Ministers intervene, earmark two locations for refugee housing


Ministers have confirmed that they will start forcing local authorities to accept refugees if they persistently refuse to change zoning plans to allow suitable buildings to be used as temporary housing.

The state would rather not go so far, but will use the legal instruments at their disposal to bypass local officials if necessary, housing minister Hugo de Jonge and junior justice minister Eric van der Burg have told MPs in a briefing.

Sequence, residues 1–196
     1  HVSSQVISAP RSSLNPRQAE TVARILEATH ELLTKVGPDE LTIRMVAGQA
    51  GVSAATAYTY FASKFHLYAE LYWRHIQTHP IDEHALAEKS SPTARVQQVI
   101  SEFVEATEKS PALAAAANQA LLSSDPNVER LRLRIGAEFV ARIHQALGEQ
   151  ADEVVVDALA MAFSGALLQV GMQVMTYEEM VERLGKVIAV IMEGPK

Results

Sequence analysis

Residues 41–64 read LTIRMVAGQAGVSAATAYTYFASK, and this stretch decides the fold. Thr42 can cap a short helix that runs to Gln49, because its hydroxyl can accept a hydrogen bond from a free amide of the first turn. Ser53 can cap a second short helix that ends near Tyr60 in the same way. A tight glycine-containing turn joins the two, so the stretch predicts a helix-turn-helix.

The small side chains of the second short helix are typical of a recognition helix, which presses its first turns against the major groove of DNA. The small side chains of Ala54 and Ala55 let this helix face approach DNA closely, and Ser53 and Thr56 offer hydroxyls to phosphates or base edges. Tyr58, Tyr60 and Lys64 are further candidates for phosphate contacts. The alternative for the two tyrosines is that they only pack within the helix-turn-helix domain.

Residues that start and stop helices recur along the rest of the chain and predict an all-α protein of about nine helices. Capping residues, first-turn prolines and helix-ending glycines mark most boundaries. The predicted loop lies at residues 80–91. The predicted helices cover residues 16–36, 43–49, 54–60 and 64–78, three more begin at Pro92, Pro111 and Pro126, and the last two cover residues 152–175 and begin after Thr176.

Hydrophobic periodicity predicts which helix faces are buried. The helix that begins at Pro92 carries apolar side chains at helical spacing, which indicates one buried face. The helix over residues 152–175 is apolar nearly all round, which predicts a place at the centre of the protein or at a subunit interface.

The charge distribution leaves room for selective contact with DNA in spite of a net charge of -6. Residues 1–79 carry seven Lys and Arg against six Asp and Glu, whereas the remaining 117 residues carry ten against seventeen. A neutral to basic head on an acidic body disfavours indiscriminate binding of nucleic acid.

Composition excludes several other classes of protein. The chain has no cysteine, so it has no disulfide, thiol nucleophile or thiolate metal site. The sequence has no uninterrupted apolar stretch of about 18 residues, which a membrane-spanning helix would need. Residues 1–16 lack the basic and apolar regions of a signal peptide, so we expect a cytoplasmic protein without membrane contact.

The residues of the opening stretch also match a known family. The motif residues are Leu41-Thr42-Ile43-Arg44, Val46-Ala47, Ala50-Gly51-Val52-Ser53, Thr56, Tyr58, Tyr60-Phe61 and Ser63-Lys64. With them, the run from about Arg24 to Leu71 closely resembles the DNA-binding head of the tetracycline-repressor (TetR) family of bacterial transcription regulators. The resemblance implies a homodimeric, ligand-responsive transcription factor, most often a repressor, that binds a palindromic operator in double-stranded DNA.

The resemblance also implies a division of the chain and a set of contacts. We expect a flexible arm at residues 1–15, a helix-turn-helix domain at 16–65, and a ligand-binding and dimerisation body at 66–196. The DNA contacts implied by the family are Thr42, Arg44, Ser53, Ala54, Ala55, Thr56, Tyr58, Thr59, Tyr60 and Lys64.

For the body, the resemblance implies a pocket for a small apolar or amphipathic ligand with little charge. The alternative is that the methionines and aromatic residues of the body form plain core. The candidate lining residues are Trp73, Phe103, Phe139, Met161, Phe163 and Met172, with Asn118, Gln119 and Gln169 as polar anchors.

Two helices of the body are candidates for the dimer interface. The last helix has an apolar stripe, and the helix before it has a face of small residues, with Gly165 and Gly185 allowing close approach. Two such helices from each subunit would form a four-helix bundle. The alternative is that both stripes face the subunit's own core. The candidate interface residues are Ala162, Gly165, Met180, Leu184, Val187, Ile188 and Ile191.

Currently ministers have their eyes on two locations, which could provide housing for 1,000 refugees between them, both of which are owned by the state. The ministers did not name the local authorities but did say talks are underway.

Efforts to permanently solve the problem by appealing to local councils have failed to produce enough beds and ministers said in May they would commandeer empty state-owned buildings to use as emergency accommodation.

One reason for the overcrowding in refugee centres is the lack of suitable accommodation for people who have been given residency permits. The refugee agency is currently providing beds for some 40,000 people, but 15,000 of them should have moved into regular housing.

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